Mark Friedberg

AS: Do you see there being fewer big screen experiences in the future?
MF: What’s amazing to me is that you can’t find a crew anywhere in America right now because there is so much getting done. Maybe cinema’s down but content is up. There’s a film crew working on every corner of every city, everywhere. There’s a lot of work going on. I don’t even know how it’s possible for people to process it all. But the economics of it work in the streaming world where you don’t only have two weekends to establish yourself. So many movies were up against the wrong movie that opening weekend or some event happened that weekend and they didn’t make it and that’s it. They’re out floating face down somewhere and that’s a shame. And in this streaming digital world there are other ways for a story to get out there and I think that’s cool. 

My TV is 4K at home. You go to the movies it’s 2K right now. Some people would say the quality of writing on TV right now is better than what you get in a lot of what’s in theaters. To justify the economics of having a theater the kinds of movies that get made are bigger and broader that’s just what’s happening. Ang said movies will become like Broadway. It used to be there was a dramatic theater on every corner. That’s how people got their entertainment. And then TV happened and that stopped. Then Broadway became something that you could do twice a year that cost a lot and was an event. That feels a little bit like what’s happening to cinema. But it’s not just cinema. It’s sports. The stands are empty. Because why go? I can watch five games at home, in my underwear, and it costs me nothing. Or I can spend two hundred dollars and get on the subway and go to the Bronx and get beer poured on my head. It’s a bigger issue than just cinema.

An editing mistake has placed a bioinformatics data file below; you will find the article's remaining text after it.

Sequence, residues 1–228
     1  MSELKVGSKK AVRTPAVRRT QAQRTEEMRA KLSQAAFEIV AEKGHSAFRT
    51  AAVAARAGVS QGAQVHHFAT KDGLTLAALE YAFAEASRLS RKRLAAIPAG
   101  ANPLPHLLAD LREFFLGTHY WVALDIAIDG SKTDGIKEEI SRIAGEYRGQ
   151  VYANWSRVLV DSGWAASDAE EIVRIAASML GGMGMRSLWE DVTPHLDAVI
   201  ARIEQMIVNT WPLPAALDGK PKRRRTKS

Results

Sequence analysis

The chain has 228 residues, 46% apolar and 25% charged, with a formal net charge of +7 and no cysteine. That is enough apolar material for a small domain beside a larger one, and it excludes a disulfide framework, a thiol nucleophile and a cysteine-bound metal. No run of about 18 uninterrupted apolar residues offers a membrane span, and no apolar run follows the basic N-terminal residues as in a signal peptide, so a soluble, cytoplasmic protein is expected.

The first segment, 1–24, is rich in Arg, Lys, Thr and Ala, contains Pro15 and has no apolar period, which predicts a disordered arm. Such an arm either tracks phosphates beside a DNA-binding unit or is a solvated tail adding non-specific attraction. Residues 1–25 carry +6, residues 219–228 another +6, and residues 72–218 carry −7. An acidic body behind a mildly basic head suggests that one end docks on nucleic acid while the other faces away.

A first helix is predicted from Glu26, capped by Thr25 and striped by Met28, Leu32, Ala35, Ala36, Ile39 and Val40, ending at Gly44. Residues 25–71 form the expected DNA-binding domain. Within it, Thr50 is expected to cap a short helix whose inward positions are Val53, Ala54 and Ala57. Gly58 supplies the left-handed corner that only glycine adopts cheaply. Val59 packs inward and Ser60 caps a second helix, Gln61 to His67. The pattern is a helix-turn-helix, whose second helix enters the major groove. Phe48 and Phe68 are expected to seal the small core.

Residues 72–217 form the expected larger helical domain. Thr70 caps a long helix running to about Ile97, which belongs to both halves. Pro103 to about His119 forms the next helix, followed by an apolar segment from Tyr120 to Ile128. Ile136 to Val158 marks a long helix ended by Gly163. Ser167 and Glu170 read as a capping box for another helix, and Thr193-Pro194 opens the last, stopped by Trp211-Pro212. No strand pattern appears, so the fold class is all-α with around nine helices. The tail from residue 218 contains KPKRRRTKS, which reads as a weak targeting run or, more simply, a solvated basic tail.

I live in New York and I can’t function here in LA because I need to touch people. I need to bump into people. I need to be knocked down a little bit. I need that friction energy to live. That’s how I’m raised. The world is not that way right now. We’ve retreated into our phone world and fortressed ourselves in there. 

Technologically the theater’s got to figure out how to do something that the LCD screen at home can’t do if we’re going to keep going. Joker is cool because I think that the fact that it’s in the theaters is what’s making it successful. People are experiencing this story collectively. We’re both tearing away the myths of ourselves- how good we are or how base our animal instincts are, and also exposing this sense of rage we’re feeling because of the fraying of the social contract we’re all experiencing. 

AS: Any advice for people just starting out?
MF: Play the long game. Look for people you respond to to collaborate with regardless of how famous they are at that moment. I chose to focus on trusting my own taste and being true to myself and the films I have gotten to work on have lived on and people eventually did see them even if they weren’t big box office successes. Most movies I’ve designed did not make it the first weekend. But I don’t want to win the weekend. I want to win my life.

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